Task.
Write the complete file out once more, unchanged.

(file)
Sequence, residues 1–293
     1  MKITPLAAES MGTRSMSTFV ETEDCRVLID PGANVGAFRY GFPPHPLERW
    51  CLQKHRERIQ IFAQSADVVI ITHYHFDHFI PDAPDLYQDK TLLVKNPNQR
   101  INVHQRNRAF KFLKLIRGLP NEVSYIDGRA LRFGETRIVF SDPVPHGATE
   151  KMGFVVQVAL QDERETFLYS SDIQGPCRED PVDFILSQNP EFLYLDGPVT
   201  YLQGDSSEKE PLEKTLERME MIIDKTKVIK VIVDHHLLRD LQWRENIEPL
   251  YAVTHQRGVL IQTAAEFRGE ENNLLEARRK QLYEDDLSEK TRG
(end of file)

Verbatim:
Sequence, residues 1–293
     1  MKITPLAAES MGTRSMSTFV ETEDCRVLID PGANVGAFRY GFPPHPLERW
    51  CLQKHRERIQ IFAQSADVVI ITHYHFDHFI PDAPDLYQDK TLLVKNPNQR
   101  INVHQRNRAF KFLKLIRGLP NEVSYIDGRA LRFGETRIVF SDPVPHGATE
   151  KMGFVVQVAL QDERETFLYS SDIQGPCRED PVDFILSQNP EFLYLDGPVT
   201  YLQGDSSEKE PLEKTLERME MIIDKTKVIK VIVDHHLLRD LQWRENIEPL
   251  YAVTHQRGVL IQTAAEFRGE ENNLLEARRK QLYEDDLSEK TRG